Now that I’ve explained what it means to be a “movie critic”, let’s test it out by looking a bit more closely at this summer blockbuster. But note: I’m only going to introduce this here… I’m hoping that we can play “movie critic” together in the comments. So, let’s dip our feet in…
One of the things that struck me about the movie the amount of “God talk”, as Greydanus describes it, and the implicit Catholic references. This isn’t shocking, given that director Joss Whedon has been noted for raising spiritual questions, for Catholic allusions, and for subtle advances of his atheism in his previous works. But it did surprise me because similar references and themes were mostly absent from the first Avengers movie, also directed by Whedon.
So what do we make of that? Fr. Barron is fairly critical, seeing in the movie a promotion of a decidedly anti-biblical view of life, one more in line with the thought of the 19th century german atheistic philosopher Friedrich Nietzsche.
Nietzsche is famous for — among other things — his assertion that “God is dead”. Popularized in the 1960’s — decades after Nietzsche’s death — for Nietzsche the slogan had far more significance than merely a defiant assertion of atheism; he knew that without God, nothing has meaning or value, and hence he was far more consistent than the “New Atheists” of our day. And Fr. Barron is on solid ground for seeing Nietzschean undertones in the film, given that in the movie Ultron himself utters Nietzsche’s other famous line: “what doesn’t kill you makes you stronger”.
But one might argue that the film itself is not actually promoting Nietzsche’s philosophy, but merely portraying it. After all, as Fr. Barron notes in the final paragraph of his analysis, we see clearly in Avengers that the Nietzschean approach of Ultron — and perhaps even of our heroes — doesn’t actually work, but it only makes things worse. Ultron himself — the villian of the film, in case that wasn’t clear — was the creation of Tony Stark (aka Iron Man), who sought to take into his own hands the protection of the planet. Stark sought — to quote him from the movie, alluding to Neville Chamberlain’s famous line — to secure “peace in our time”. And yet Stark’s Nietzschean overreach — trying to achieve by sheer force of will something which we simply cannot achieve on our own — almost resulted in the very opposite: the destruction of humanity. So one might say that Avengers is in fact anti-Nietzschean at its heart.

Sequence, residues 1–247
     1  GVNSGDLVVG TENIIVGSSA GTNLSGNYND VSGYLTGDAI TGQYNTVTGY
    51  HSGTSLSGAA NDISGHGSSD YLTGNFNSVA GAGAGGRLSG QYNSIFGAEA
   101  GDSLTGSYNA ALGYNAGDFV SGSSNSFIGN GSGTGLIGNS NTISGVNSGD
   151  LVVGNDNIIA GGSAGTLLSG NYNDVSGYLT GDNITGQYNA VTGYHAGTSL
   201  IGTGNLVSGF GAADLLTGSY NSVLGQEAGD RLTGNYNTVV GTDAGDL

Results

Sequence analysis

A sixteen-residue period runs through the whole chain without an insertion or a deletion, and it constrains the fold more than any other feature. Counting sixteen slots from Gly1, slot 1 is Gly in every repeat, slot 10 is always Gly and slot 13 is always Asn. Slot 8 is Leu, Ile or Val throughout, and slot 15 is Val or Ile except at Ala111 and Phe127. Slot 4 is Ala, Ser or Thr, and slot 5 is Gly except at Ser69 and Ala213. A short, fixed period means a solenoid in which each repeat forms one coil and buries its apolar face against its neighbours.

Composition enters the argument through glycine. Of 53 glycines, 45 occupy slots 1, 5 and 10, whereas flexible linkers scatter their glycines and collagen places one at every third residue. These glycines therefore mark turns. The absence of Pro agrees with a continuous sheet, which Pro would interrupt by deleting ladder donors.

This strikes me as typical of highly effective storytellers like Whedon: while he himself is an atheist and that atheism does make its way into his stories, those stories — because they are in many ways so well crafted — end up making points that are contrary to his atheism. That is, despite himself, Whedon’s movies include themes opposed to his own principles. (I find the same thing to be true about Peter Jackson’s film adaptation of J.R.R. Tolkien’s Lord of the Rings trilogy, but that’s for another time.)
Again, those are just a few thoughts that come to mind as I try to play “movie critic” with Avengers: Age of Ultron. You’ll note that I haven’t yet rendered any judgments about the message of the movie… I don’t want to tip my hand at this point. So…
What about you? What do you see as the message, premises and assumptions present in Avengers: Age of Ultron?